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Found 8 results

  1. This piece is from a beautiful Georgian folk love poem. During my time in Afghanistan, we did a lot of work with the Georgian military, and I was always very impressed by their culture and music, so I decided to do some research into it. Georgian music is some of the oldest polyphonic music in the world, and that ancient sound is reflected in the "chant" parts of this piece. Modern chordal movements are also included to contrast the old with the new while still maintaining continuity throughout. There is both positivity and pain in this piece which is approprtiate for both the narrator of the poem and for the country of Georgia itself. I recorded this myself (countertenor I recorded down a minor third and then transposed, low basses same thing but up a major second), so excuse the mediocre singing. Net'avi ratme maktsia bulbulad gadamaktsia bulbulis ena masts'avla baghebshi shemomachvia davk'ono okros k'onebi davpero vertskhlis ts'q'alshia saghamo khanze giakhlo chamogiq'aro banshia dilit ro gamosuliq've shig gagekhvios k'avshia ნეტავი რათმე მაკცია ბულბულად გადამაკცია ბულბულის ენა მაწავლა ბაღებში შემომაჩვია დავკონო ოქროს კონები დავპერო ვერცხლის წყალიშია საღამო ხანზე გიახლო ჩამოგიყარო ბანშია დილით რო გამოსულიყვე შიგ გაგეხვიოს კავშია I wish I could turn into something: Turn into a nightingale, And learn the nightingales' language; I'd come to dwell in the garden. I'd gather up golden bouquets, Dip them in liquid silver, I'd come to you in the evening, And lay them on your roof. When you come out in the morning, May they be entwined in your curls!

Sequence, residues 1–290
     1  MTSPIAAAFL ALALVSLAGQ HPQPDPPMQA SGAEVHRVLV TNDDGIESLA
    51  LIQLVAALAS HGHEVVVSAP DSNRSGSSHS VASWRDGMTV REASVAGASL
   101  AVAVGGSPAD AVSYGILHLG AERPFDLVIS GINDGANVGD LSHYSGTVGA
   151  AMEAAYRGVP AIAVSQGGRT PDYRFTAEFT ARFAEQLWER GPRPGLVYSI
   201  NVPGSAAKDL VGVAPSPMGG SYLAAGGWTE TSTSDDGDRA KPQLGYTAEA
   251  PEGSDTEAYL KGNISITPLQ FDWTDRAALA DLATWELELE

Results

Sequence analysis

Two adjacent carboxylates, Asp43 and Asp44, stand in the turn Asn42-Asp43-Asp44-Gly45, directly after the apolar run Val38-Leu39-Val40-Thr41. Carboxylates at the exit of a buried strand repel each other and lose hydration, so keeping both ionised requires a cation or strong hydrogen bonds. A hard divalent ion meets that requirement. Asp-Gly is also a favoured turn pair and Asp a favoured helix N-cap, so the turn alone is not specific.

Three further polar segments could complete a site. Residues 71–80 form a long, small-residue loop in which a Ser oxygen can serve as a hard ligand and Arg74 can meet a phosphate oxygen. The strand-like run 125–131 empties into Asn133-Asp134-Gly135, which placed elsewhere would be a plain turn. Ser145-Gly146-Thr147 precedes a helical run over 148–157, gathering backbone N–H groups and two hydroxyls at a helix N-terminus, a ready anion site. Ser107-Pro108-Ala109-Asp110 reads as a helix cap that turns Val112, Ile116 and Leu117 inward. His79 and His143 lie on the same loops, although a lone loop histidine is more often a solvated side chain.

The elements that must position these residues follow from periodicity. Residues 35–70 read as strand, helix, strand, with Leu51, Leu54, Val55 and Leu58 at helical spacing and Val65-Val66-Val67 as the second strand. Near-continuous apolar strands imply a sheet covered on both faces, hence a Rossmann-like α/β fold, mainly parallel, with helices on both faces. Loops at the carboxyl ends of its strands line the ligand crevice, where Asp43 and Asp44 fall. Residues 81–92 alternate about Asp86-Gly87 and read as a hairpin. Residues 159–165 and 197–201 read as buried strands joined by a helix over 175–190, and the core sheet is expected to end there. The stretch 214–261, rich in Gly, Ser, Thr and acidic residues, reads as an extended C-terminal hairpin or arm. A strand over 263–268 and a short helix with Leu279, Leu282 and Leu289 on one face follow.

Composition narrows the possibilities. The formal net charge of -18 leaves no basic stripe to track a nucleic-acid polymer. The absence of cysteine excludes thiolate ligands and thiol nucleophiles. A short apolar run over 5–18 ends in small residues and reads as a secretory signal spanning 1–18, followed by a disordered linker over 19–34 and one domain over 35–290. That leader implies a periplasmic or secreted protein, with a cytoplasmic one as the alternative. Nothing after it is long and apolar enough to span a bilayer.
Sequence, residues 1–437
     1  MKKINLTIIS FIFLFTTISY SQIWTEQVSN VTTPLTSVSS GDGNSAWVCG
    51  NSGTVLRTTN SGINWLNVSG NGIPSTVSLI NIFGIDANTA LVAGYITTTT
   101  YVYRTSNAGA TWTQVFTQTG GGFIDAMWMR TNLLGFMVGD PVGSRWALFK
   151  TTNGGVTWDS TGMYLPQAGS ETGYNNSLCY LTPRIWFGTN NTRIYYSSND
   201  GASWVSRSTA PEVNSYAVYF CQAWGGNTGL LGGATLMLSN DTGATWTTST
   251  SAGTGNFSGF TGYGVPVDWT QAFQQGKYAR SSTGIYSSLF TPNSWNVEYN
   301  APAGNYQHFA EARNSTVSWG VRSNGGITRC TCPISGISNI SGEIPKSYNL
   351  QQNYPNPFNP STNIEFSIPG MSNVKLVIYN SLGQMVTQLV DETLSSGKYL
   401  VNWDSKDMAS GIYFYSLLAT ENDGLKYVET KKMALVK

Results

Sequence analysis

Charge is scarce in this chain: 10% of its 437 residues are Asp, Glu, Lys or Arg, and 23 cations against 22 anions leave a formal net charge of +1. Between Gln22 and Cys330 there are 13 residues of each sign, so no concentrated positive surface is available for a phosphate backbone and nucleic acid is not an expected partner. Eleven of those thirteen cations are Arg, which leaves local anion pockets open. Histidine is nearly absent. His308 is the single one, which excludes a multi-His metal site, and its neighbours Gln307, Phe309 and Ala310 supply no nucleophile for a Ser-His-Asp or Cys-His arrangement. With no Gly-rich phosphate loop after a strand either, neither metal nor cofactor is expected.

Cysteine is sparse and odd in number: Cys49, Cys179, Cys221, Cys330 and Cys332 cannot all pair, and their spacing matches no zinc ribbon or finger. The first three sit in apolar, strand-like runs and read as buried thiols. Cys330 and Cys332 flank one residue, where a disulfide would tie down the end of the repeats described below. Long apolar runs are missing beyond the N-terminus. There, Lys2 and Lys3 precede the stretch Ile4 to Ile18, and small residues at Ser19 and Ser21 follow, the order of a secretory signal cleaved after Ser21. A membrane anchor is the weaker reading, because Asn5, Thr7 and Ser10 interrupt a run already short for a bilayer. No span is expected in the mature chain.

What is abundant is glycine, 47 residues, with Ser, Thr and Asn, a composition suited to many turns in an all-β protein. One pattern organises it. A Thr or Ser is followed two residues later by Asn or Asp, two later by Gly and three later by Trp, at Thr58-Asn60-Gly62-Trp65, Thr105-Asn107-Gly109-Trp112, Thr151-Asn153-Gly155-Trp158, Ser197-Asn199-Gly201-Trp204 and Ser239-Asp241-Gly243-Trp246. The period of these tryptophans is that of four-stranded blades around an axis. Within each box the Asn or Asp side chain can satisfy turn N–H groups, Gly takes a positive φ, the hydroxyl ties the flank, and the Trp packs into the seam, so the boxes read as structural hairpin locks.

2. I wrote a new song in the past 2 days. It is a samba type fusion music. I incorporated my JP-8080 to death and my live horns. Tell me what you think, comment and follow me here or SoundCloud or Instagram @wind_player1 https://www.instagram.com/wind_player1/ Listen to Validus by Cj Rhen #np on #SoundCloud
  3. Hello everbody, This is my first serious choral composition, which I composed to practise counterpoint and voice leading. The piece is an Ave Maria, but the language is Dutch, which made it quite hard to compose music on. It is a hard language regarding accentuation. Dutch text: Wees gegroet, Maria, vol van genade. De Heer is met U. Gij zijt de gezegende onder de vrouwen, En gezegend is Jezus, de Vrucht van Uw schoot. Heilige Maria, Moeder van God, Bid voor ons, zondaars, Nu en in het uur van onze dood. Amen. There is trouble with the audio in this topic, so here is the link: Nevertheless, I am pretty content with it. What do you think? Tips are welcome! Maarten
  4. A small playful piece for my friend who asked me for something fun. Approximate translation: Never mind, never mind, yesterday I had a girl today I have none. Now It's bad, now I'm gone I: my wife sold my oaxes for a bonnet. :I She sold a cow aswell bought herself a thingy-lingy on her head. She sold a stallion too, bought herself laces for bonnet. Never mind, never mind I: yesterday I had a thousand crowns now I have none. :I translation only for understanding the text purposes as always. Any advice on what to try out next in piano+voice songs would be much appreciated. I feel that I am getting stagnant with these "clashing" sharp dissonances at sections where there could be a conventional consonance (the intro would be a nice example and that style of harmonization is in my previous pieces as well). The only thing that differs is stylization and even that one is lacking creativity in left hand. Maybe something contrapunctual with conssonant harmony without the necessary clashes? That might get boring though. An attempt for quartal harmony would be a step up from this. Less harmony changes on a short section and maybe try using silence for tension or letting harmonies last rather than changing them so quickly. Some tip in this spirit would be appreciated. I will try so on my own but a perspective from someone more experienced would be gladly welcomed.